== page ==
Things began to change as she started university. Not totally unexpected as she began to mix with completely different types of people. In the first year she was home part time and at university living away from home part time. The fights began. Her level of respect for us and our wishes seemed to drop off. “I can’t wait to get out of here” was a pretty regular refrain. We expected this to some degree as she began to spread her wings and whilst painful we knew it was necessary.

Year 2 and she moved out permanently and we stayed in touch with regular Facetimes or phone calls; with messages on Messenger. This was all okay. Actually it was wonderful and we loved how regularly she stayed in touch. I felt our relationship with her was back on an even keel. Whilst the relationship was changing I didn’t feel that it had deteriorated. We were giving her more freedom to do as she pleased; not pressuring her (as our parents had done) to spend time with us; actually sitting back and watching as she chose to spend holidays with her boyfriend’s family. We’d still have the occasional shopping day in the city.

I heard murmurs that we were “pressuring her” to spend time with us or that she was “sick of this only child thing”.

This came as a HUGE shock to us since we were actively trying not to pressure her and become our own parents. Not to mention extremely hurtful since the ‘only child thing’ was not exactly planned…. and how did that then become our ‘fault’? Negatively impacting on her and adding more ‘pressure’?

It seemed like she just wanted to get the hell away from us! We were totally flabbergasted and had no idea what we had done….

Year 3 and things went south with the BF and so contact increased as she needed help finding a new place to stay, help with set up costs, furniture, moving etc. We were reconnecting a bit better over this time and then a new BF came along. Not long after we left our nearby location and moved further away to a beach location. We felt it was time, that she had matured enough and was capable enough to look after herself.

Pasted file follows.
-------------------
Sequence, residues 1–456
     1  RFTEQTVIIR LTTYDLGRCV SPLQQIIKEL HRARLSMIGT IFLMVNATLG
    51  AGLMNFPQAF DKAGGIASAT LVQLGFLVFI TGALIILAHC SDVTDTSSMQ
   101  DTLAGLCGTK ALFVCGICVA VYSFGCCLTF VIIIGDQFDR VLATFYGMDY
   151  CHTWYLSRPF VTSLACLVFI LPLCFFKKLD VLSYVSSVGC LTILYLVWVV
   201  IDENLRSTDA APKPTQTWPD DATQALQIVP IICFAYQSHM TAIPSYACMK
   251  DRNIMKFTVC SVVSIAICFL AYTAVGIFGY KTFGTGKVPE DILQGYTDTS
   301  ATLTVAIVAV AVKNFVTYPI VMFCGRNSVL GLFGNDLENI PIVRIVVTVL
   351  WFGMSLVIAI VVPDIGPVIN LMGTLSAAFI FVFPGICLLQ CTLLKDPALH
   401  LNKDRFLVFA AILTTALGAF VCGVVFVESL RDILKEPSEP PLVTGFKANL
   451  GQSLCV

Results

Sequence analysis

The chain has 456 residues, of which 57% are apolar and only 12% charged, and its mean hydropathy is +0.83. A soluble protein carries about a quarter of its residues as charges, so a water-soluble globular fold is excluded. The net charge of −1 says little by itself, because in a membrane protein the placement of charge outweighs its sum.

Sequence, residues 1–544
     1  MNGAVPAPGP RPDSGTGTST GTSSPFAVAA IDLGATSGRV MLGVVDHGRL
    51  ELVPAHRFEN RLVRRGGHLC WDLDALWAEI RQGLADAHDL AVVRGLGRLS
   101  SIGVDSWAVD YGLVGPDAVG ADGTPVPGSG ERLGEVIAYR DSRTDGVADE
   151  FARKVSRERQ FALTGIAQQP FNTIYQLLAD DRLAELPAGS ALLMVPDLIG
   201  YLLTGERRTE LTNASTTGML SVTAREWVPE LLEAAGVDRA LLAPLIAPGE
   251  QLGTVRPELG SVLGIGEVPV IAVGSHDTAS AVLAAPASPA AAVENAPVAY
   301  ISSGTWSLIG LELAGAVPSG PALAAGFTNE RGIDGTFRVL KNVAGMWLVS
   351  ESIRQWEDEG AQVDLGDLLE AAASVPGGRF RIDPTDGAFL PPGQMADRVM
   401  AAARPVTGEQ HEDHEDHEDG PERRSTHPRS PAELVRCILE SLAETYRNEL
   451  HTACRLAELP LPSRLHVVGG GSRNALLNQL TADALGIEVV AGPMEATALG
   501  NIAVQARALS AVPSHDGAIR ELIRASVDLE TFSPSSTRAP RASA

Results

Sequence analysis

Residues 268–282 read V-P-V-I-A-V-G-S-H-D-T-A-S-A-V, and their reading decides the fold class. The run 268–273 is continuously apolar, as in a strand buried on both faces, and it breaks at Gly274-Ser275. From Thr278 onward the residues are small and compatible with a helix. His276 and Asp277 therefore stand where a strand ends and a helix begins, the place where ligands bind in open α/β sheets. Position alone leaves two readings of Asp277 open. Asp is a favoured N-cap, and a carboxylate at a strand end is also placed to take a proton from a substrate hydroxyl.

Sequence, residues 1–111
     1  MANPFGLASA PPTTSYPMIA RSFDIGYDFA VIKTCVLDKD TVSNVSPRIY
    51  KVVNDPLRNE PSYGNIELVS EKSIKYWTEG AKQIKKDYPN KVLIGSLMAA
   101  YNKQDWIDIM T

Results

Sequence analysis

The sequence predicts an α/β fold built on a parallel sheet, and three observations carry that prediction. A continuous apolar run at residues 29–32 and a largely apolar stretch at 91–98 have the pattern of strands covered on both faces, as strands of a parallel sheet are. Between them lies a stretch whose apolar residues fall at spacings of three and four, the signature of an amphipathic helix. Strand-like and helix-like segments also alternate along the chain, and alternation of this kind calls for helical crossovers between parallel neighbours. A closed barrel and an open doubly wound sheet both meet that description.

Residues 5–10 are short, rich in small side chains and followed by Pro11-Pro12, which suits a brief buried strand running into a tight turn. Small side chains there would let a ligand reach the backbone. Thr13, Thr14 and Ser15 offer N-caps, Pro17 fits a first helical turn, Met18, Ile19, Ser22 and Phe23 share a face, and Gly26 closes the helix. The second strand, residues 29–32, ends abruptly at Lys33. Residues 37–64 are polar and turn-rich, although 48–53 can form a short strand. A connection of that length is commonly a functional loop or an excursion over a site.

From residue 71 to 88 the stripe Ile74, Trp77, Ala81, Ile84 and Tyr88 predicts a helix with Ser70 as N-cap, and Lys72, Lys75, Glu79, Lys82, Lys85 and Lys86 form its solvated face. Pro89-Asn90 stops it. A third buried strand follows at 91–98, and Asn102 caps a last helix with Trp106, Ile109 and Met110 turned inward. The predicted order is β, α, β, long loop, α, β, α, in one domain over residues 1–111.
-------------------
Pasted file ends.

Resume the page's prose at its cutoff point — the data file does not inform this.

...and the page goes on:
Instead of this becoming what we thought might be an opportunity for her to spend long weekends, or holidays with us, this never eventuated. It seemed that now we were “too far away” (even though when we lived closer we still didn’t see her because “I don’t want to come back there and run into people”).

Any time we called to ask if she wanted to pop up or attend something fun with us, the immediate response was “No”. Too busy, got stuff on, too tired, working, got uni assignments, too far, no money. Eventually we felt like even these suggestions were “pressuring” her so we stopped. Though we would see her shopping, hanging out with friends, arranging trips interstate – spending significant days that used to be ‘family traditions’ for us (eg Anzac Day, Father’s Day) with her ‘new family’ or friends. And effectively we began to wonder whether she considered herself an orphan… We certainly felt less and less involved in her life. Any messages asking what she was up to were met with “stuff” or “doing something on the weekend”. No specifics. It was like blood from a stone – maybe this was the teen angst thing we’d missed?